If you had a choice in your professional life would you rather stand out from the crowd or blend in amongst the average? Standing out can get you the recognition you deserve – blending in, well you can potentially disappear. What works for you?
I have Autism. Neurodiversity resonates with me in particular. The following definition came from the site for The National Symposium on Neurodiversity at Syracuse University. I met a woman in a store with Tourette Syndrome. The clerks were keeping their distance from her and other customers were staring from the loud noise that she was making.
I went up and spoke with her. She was extremely nice and as she spoke and made the loud sounds, she kept apologizing. She was clearly embarrassed. There should be no reason to make her feel embarrased. She can’t control the events. Sadly, many people are not educated on what it means to have Tourette Syndrom. I feel that more education on Neurodiversity is critical. Do you know someone with a condition that should be more tolerated?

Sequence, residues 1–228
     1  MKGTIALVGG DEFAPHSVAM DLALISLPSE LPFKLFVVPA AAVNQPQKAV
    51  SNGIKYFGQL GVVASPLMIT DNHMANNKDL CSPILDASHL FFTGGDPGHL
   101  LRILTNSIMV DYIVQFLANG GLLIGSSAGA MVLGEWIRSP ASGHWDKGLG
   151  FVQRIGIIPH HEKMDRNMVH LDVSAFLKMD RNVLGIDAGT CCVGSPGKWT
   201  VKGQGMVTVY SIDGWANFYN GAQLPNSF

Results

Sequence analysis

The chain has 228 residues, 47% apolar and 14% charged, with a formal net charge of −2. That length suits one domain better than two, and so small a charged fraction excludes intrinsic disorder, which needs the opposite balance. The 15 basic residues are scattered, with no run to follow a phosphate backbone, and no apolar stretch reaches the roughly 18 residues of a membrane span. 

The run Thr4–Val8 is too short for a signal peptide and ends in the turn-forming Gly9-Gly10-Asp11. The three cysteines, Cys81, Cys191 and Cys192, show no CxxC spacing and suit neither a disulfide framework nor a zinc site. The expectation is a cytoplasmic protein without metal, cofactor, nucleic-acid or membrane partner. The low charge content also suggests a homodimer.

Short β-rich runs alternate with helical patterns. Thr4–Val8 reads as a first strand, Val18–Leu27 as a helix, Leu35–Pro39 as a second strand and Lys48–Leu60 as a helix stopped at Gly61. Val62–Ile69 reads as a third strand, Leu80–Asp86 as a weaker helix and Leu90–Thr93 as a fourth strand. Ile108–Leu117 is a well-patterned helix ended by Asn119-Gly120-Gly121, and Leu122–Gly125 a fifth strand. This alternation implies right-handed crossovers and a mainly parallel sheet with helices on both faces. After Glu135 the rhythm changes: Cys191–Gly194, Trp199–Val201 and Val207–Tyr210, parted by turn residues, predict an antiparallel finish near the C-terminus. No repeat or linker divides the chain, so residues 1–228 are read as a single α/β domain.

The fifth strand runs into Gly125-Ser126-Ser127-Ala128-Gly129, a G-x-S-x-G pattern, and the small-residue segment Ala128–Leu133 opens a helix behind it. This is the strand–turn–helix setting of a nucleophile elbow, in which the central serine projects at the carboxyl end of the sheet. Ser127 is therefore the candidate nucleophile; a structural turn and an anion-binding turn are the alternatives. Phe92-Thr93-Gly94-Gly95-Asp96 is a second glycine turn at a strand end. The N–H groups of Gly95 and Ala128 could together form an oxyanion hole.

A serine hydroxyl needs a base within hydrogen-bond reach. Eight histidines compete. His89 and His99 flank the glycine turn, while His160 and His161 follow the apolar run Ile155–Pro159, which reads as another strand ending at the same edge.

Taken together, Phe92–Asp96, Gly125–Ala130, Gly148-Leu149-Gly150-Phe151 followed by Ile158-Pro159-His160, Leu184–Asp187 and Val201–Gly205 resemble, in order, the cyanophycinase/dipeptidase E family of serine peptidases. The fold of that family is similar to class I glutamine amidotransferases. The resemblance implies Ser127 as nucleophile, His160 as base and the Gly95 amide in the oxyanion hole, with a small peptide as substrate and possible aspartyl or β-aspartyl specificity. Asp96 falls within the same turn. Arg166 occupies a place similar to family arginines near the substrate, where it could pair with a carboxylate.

“Neurodiversity is a concept where neurological differences are to be recognized and respected as any other human variation. These differences can include those labeled with Dyspraxia, Dyslexia, Attention Deficit Hyperactivity Disorder, Dyscalculia, Autistic Spectrum, Tourette Syndrome, and others.”
“For many autistic people, neurodiversity is viewed is a concept and social movement that advocates for viewing autism as a variation of human wiring, rather than a disease. As such, neurodiversity activists reject the idea that autism should be cured, advocating instead for celebrating autistic forms of communication and self-expression, and for promoting support systems that allow autistic people to live as autistic people.”
On Cinco De Mayo I helped a friend of mine out where she owns a Mexican Restaurant. They were swamped and she needed some help hosting. What a blast. What an eye-opener. There was a 16 year old helping out too. I was ready to fire him but it wasn’t my job. He thought he knew how to do everything as I watched him struggle time and again. He refused to ask anyone for help – wanted to do it himself. Yet couldn’t on many things.
One good thing – he was fast. Once he understood I knew what I was doing he let me give him some instructions instead of him trying to tell me what to do. What an interesting experience.
Have you worked with an iGen? What was your experience like?